Brake discs are subject to various types of punishments, ranging from wear to enduring harsh environmental conditions, releasing non-exhaust emissions that contribute to traffic pollution and make it difficult to comply with stricter environmental standards. Therefore, with the upcoming Euro 7 regulations, the automotive industry will need to find cost-effective solutions to reduce emissions from the braking systems of both, internal combustion engine vehicles (ICEVs) and electric vehicles (EVs). EVs and ICEVs differ significantly in their braking systems. Conventional vehicles primarily use friction braking, in which kinetic energy is converted into heat by brake discs and pads. In contrast, EVs use regenerative braking to convert kinetic energy into electrical energy, which is then used to charge the batteries. Until the batteries are fully charged, EVs rely almost exclusively on recuperation up to speeds of about 20 km/h and use friction braking only to bring the vehicle to a complete stop. This reduces the frequency of friction brake use. Since cast iron (GCI) rotors are susceptible to corrosion, they will rust if not used. In GCI rotors that have not been treated to resist corrosion, the corrosion goes inside the rotor, damaging the surface and penetrating deeper. When braking, the rust is removed and with it some of the surrounding material. This results in a higher mass loss compared to a non-corroded GCI rotor and effects such as pedal pulsation. Thus, the reduction in particulate mass (PM) comes mainly from reduced brake use, and the brakes can survive these conditions with less corrosion without being de-rusted by brake use. This problem can be effectively addressed by using a ferritic nitrocarburizing (FNC) in conjunction with specific oxidation, resulting in rotors that experience less corrosion overall and only on the surface. To further improve the corrosion resistance of FNC rotors, Nitrex R&D has developed an advanced nitrocarburizing technology using a dual heat treatment process that combines nitrocarburizing with in-process intelligent post-oxidation. The result of this new approach has led to a remarkable increase in corrosion resistance. The treated rotors can be exposed to salt spray for up to 120 hours without corrosion. This is a significant improvement over the FNC-treated rotors, which can only be exposed to salt spray for less than 20 hours.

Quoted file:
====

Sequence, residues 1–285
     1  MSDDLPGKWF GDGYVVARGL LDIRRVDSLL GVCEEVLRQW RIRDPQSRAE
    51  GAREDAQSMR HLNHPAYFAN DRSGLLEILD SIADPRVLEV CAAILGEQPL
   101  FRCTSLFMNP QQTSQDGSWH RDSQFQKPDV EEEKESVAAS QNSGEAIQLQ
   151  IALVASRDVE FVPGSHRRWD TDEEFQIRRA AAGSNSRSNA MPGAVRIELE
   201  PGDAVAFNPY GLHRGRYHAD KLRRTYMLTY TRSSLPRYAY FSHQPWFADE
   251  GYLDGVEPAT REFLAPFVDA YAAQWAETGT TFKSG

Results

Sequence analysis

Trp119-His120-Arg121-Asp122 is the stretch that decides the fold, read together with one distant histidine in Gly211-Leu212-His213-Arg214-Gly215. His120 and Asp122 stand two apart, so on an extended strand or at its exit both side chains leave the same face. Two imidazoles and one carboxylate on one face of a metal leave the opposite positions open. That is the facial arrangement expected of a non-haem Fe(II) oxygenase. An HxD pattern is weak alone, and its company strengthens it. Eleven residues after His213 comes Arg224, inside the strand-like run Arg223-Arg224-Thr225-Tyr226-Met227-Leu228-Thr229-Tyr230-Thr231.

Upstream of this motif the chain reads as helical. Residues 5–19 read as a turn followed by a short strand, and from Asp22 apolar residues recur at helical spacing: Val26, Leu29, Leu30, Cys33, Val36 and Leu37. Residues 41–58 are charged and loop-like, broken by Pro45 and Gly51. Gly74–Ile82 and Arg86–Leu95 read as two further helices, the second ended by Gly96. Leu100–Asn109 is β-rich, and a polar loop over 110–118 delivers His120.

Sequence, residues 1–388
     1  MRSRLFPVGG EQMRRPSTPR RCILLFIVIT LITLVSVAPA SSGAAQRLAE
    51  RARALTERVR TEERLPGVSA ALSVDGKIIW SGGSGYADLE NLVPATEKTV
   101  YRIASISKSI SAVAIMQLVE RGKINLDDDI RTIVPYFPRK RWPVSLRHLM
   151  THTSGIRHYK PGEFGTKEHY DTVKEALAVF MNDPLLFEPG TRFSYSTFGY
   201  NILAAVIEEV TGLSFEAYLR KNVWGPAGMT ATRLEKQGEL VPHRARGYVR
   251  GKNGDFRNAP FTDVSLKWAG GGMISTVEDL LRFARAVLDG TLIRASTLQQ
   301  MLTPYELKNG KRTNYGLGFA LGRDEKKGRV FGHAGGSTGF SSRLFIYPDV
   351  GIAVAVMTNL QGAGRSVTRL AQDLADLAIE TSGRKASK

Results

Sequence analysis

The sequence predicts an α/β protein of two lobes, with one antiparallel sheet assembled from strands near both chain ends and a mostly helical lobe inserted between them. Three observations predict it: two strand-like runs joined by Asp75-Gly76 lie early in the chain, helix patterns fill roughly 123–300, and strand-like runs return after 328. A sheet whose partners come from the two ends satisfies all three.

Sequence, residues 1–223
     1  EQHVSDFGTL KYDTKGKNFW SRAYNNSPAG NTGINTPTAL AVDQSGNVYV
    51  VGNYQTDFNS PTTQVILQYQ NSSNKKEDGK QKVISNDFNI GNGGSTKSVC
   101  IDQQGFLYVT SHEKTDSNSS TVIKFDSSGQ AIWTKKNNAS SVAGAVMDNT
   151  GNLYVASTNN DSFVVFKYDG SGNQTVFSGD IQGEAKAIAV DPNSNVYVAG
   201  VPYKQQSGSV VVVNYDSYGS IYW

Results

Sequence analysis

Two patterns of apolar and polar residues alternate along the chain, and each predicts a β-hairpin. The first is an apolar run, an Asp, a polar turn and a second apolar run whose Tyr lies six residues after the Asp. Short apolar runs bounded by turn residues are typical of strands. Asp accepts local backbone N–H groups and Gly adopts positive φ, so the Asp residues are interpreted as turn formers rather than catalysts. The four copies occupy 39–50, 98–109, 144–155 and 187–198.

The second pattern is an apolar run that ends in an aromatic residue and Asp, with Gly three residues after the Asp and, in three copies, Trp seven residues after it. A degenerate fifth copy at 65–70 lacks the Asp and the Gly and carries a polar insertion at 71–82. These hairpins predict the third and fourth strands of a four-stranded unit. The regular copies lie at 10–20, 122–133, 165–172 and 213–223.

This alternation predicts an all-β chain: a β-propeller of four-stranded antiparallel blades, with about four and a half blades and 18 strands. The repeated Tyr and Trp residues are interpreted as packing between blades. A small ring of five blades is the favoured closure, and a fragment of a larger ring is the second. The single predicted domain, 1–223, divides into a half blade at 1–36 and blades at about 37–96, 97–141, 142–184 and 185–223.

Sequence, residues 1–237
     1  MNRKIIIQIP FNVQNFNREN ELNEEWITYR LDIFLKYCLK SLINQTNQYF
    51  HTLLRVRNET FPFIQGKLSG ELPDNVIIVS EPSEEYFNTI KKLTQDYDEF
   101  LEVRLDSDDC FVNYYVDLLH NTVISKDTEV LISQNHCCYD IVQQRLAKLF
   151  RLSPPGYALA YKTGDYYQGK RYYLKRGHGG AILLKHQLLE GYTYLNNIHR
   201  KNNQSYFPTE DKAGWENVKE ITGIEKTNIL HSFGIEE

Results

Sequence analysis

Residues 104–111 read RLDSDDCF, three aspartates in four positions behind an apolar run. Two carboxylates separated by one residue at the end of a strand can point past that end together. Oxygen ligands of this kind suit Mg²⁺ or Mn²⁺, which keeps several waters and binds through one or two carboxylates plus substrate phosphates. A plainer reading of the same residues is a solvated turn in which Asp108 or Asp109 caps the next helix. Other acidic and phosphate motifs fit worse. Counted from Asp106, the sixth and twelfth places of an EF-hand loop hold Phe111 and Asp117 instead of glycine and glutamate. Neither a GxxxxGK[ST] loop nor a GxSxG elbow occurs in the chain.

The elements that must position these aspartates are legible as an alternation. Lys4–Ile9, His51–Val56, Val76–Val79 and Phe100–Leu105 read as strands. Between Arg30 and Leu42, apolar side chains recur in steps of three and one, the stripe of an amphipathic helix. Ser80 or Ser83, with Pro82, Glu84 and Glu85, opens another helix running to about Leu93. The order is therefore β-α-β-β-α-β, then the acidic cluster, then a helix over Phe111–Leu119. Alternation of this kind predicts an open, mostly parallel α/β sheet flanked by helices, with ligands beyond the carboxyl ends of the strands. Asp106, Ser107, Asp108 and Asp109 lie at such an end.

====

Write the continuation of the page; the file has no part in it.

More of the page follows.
Dr. Saadia Nousir, R&D Process Technology Manager, Nitrex Metal Inc.; Mr. Karl-Michael Winter, Vice President R&D and Engineering Management, Nitrex Metal Inc.